The Steam Workshop for Garry’s Mod—the monolithic physics sandbox that emerged from Half-Life 2—contains 15,974 maps made for all sorts of different game types and purposes. Jazztronauts is its own separate heist game, but it takes place on those maps. Yes, that means it already has nearly 16,000 levels.
Jazztronauts is an upcoming free mod for Garry’s Mod in which you “explore, ransack, and tear down random levels with your friends.” You can steal everything, from furniture to characters to triggers that would normally make events happen if you hadn’t stuffed them in your endless digital pockets. You deconstruct levels as you move through them. If you nab the right kinds of map objects, you make money.
It’s an absolutely bonkers game concept, and as you can imagine, levels often come out of it looking, well, different—like in this clip from streamer TieTuesday, who got in on a play session with one of Jazztronauts’ developers over the weekend (via Rock Paper Shotgun):
With the walls stolen, a poorly lit concrete slab of a level turned into a neon crystal dreamscape. But that wasn’t the end of it. Seconds later, things got nutty. Tie and co started stealing event triggers, leading to a candy-colored apocalypse:
There’s some clever technical trickery powering this part of the game. Basically, the server downloads the map and copies the level geometry, at which point the game can render portions of the map as the nightmarish yet appealing funky “void” that you see in the above clips. “We can also take the level geometry and create physics models on-the-fly, to simulate floors walls and ceilings falling away into the void,” coders Zak Blystone and Scott Kauker told me in an email.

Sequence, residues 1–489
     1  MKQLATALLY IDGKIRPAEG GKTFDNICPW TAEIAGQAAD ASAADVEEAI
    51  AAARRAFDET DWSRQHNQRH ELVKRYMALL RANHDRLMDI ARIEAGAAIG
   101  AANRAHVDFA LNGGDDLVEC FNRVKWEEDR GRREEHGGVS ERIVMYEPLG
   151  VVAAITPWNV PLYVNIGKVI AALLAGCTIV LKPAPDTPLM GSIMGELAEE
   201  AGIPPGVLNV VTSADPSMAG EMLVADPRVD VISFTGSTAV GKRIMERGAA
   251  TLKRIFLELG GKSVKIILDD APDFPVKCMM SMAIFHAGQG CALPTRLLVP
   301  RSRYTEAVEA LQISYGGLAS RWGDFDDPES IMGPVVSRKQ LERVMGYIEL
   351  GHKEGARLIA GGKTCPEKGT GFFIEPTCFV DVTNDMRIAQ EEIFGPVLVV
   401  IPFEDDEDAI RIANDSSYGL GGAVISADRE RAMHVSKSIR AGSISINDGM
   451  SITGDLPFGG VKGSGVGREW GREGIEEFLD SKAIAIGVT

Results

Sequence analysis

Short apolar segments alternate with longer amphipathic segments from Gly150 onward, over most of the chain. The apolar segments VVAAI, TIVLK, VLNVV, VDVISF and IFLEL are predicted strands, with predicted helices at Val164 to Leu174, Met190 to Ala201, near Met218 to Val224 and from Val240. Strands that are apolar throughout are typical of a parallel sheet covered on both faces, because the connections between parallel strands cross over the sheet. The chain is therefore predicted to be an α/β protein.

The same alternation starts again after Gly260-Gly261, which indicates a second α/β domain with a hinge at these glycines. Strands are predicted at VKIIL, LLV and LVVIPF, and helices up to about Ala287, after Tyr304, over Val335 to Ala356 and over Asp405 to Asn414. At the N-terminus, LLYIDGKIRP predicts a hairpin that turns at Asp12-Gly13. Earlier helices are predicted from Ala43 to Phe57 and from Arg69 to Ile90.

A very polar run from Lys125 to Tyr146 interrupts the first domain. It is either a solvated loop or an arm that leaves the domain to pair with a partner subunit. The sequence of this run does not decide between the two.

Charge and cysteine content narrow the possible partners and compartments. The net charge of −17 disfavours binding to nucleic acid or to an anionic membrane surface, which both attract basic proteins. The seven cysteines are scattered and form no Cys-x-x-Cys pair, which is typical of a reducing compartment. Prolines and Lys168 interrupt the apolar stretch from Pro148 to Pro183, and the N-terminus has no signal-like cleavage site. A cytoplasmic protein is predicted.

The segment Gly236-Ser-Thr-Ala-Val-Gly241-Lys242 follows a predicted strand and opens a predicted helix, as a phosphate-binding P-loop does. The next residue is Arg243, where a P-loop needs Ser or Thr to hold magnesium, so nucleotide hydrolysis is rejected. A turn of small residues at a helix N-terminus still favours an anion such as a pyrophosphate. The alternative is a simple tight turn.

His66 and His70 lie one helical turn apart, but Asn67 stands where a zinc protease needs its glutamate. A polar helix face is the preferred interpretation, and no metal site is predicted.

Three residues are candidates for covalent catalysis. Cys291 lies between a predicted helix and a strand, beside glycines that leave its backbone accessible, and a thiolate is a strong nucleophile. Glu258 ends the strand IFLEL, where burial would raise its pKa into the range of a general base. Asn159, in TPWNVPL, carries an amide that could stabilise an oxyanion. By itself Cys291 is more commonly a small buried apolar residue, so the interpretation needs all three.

They added that this can be an issue on levels that are actually one giant model, meaning that—presumably—if you tried to steal something, you’d pocket the whole dang level. “There are plans in motion to fix this,” they said.
In between levels, you go to a hub world inhabited by cat people and collect your money by pulling a lever and watching all the garbage you’ve stolen spill out onto the floor. It’s something else:
The goal of it all, say the game’s creators, is to let players deconstruct video game levels in an interesting way. “On one hand, it’s a crazy chaotic swarm of looters crawling through the map stealing everything not nailed down, but on the other hand, it’s like dissecting a body to figure out how it works,” the game’s writer, Daeren, said in an email. “In playing the game you almost inevitably run into weird hacks and abstractions that made the map function or flow in a sensible way that make you confront the logic—or lack thereof—that went into the map’s design.”
Or, in short: “It is an archaeological dig and retrospective through a hugely influential period in PC game design that happens to primarily involve stealing garbage to appease strange cat overlords,” Daeren said, summing it all up.
Jazztronauts won’t be out until sometime later this year, but I’m already enamored with it. Sure, video game series like Grand Theft Auto and Payday have pulled off plenty of grandiose heists, but they were basically ripping off famous movie scenes. Jazztronauts, whether it ultimately turns out to be just a novelty or demonstrates actual staying power, will certainly be in a league of its own.
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